The neurotransmitters that cause excitatory reactions are known as catecholamines. Catecholamines, epinephrine and norepinephrine (adrenaline) are derived from the amino acid phenylalanine.
Inhibitory or relaxing neurotransmitters include serotonin and gamma-amino butyric acid (GABA). The neurotransmitter serotonin is produced from the amino acid tryptophan. GABA is produced from the amino aid glutamine.

Prescription Anti-Depressants
The most popular antidepressant drugs are known as selective serotonin re-uptake inhibitors (SSRI’s). SSRI’s including the drugs Lexapro, Prozac, Paxil, Celexa, and Zoloft are supposed to help the brain re-uptake the serotonin it produces. It is analogous to using a gasoline additive to help your car get more mileage out of the gasoline in your tank.
Unfortunately, many of the individuals who suffer from mood disorders, don’t have any serotonin in their brains to re-uptake. A gasoline additive poured into an empty gasoline tank doesn’t help much, if at all.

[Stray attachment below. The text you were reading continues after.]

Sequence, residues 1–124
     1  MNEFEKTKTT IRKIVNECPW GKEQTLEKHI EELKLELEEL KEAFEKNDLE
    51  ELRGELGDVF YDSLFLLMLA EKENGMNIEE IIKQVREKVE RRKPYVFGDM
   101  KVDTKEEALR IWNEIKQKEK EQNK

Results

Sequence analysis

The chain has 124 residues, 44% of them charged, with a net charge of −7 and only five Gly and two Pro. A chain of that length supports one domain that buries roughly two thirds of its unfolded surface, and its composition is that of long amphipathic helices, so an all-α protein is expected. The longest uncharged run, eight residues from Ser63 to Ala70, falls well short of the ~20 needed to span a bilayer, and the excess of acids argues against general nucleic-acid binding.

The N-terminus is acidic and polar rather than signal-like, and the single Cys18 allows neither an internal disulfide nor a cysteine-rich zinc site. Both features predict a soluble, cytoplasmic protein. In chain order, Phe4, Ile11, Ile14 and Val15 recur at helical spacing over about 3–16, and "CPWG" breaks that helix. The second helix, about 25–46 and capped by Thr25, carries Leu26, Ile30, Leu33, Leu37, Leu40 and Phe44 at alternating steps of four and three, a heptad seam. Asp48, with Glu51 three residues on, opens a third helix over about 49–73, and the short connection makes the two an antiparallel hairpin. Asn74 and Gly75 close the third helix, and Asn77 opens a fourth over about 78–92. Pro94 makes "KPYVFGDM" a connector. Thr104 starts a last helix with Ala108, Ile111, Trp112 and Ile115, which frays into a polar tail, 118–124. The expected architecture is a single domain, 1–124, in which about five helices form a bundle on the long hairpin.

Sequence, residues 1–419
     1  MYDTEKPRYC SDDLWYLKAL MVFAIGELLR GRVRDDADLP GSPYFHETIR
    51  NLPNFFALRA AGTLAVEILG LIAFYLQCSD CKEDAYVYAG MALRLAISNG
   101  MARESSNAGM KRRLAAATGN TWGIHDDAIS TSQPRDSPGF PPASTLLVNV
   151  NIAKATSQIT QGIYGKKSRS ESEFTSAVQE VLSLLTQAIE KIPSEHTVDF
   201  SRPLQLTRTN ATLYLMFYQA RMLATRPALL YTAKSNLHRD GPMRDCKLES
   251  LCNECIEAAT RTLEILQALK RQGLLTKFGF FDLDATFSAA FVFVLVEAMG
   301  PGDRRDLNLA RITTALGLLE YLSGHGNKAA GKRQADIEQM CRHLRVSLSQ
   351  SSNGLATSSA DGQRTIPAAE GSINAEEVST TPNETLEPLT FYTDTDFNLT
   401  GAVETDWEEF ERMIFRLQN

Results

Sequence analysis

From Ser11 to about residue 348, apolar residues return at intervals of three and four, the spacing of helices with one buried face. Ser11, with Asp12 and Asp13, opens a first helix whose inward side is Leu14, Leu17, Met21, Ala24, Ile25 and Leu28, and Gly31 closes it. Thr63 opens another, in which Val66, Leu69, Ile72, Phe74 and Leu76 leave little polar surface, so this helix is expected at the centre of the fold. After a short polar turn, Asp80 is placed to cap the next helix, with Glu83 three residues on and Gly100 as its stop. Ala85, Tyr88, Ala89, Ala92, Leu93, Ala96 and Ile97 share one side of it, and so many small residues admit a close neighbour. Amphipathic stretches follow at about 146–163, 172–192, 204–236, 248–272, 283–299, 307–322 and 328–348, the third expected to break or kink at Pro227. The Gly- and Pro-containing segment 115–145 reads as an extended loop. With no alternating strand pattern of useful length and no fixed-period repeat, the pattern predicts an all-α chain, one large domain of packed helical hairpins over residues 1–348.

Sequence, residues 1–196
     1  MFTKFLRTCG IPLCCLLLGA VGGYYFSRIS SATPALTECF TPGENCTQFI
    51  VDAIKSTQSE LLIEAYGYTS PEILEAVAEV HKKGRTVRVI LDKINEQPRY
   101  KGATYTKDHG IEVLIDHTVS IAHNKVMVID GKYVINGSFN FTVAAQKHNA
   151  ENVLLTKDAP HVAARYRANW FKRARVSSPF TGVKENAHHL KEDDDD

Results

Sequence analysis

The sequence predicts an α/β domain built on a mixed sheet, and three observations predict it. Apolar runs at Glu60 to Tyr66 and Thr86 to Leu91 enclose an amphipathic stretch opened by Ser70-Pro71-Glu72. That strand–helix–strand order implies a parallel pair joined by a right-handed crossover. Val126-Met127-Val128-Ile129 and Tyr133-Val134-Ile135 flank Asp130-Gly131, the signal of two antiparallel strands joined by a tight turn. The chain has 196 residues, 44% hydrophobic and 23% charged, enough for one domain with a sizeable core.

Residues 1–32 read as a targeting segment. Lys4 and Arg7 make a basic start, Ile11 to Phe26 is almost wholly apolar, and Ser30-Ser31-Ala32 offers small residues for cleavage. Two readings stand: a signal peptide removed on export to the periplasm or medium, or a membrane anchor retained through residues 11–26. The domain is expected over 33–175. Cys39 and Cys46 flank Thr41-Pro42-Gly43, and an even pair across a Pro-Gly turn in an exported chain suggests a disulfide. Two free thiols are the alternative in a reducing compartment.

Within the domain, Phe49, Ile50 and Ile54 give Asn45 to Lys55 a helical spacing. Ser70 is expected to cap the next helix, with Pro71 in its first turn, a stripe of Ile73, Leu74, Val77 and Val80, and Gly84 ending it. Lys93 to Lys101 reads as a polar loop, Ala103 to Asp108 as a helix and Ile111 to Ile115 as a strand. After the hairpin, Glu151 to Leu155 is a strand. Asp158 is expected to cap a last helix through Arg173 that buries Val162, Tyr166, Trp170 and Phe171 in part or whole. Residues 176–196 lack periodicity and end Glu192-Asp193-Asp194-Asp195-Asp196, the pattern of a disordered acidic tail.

Brain Function Questionnaire
Over the years I’ve used various questionnaires or tests to determine which amino acids needed to be recommended. I’ve been using the questionnaire below and have found it provides a quick and accurate assessment tool to diagnose a person’s brain chemistry.


The “S” Group

If three or more of these descriptions apply to your present feelings, you are probably part of the “S” group:
• It’s hard for you to go to sleep.
• You can’t stay asleep.
• You often find yourself irritable.
• Your emotions often lack rationality.
• You occasionally experience unexplained tears.
• Noise bothers you more than it used to; it seems louder than normal.
• You flare up at others more easily than you used to; you experience unprovoked anger.
• You feel depressed much of the time.
• You find you are more susceptible to pain.
• You prefer to be left alone.
Serotonin is a hypothalamus neurotransmitter necessary for sleep. A lack of serotonin causes difficulty in getting to sleep as well as staying asleep. It is often this lack of sleep that causes the symptoms mentioned above.